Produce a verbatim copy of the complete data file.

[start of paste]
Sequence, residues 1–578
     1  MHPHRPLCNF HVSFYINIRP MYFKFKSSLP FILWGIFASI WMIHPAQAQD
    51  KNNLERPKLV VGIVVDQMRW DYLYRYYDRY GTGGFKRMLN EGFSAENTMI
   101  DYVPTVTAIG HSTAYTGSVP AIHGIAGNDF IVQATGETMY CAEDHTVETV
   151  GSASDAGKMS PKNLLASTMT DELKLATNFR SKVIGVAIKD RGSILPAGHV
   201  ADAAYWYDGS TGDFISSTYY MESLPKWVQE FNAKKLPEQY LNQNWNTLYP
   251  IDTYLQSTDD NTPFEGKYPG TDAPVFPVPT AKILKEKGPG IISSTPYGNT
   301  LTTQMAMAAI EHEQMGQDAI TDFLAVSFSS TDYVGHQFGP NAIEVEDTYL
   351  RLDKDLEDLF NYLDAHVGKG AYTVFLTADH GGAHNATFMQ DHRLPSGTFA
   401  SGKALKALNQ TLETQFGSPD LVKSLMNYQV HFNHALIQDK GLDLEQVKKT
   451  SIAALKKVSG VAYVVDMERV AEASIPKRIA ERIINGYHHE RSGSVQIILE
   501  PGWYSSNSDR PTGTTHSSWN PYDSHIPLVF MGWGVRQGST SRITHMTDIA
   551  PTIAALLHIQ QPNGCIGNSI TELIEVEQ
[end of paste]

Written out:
Sequence, residues 1–578
     1  MHPHRPLCNF HVSFYINIRP MYFKFKSSLP FILWGIFASI WMIHPAQAQD
    51  KNNLERPKLV VGIVVDQMRW DYLYRYYDRY GTGGFKRMLN EGFSAENTMI
   101  DYVPTVTAIG HSTAYTGSVP AIHGIAGNDF IVQATGETMY CAEDHTVETV
   151  GSASDAGKMS PKNLLASTMT DELKLATNFR SKVIGVAIKD RGSILPAGHV
   201  ADAAYWYDGS TGDFISSTYY MESLPKWVQE FNAKKLPEQY LNQNWNTLYP
   251  IDTYLQSTDD NTPFEGKYPG TDAPVFPVPT AKILKEKGPG IISSTPYGNT
   301  LTTQMAMAAI EHEQMGQDAI TDFLAVSFSS TDYVGHQFGP NAIEVEDTYL
   351  RLDKDLEDLF NYLDAHVGKG AYTVFLTADH GGAHNATFMQ DHRLPSGTFA
   401  SGKALKALNQ TLETQFGSPD LVKSLMNYQV HFNHALIQDK GLDLEQVKKT
   451  SIAALKKVSG VAYVVDMERV AEASIPKRIA ERIINGYHHE RSGSVQIILE
   501  PGWYSSNSDR PTGTTHSSWN PYDSHIPLVF MGWGVRQGST SRITHMTDIA
   551  PTIAALLHIQ QPNGCIGNSI TELIEVEQ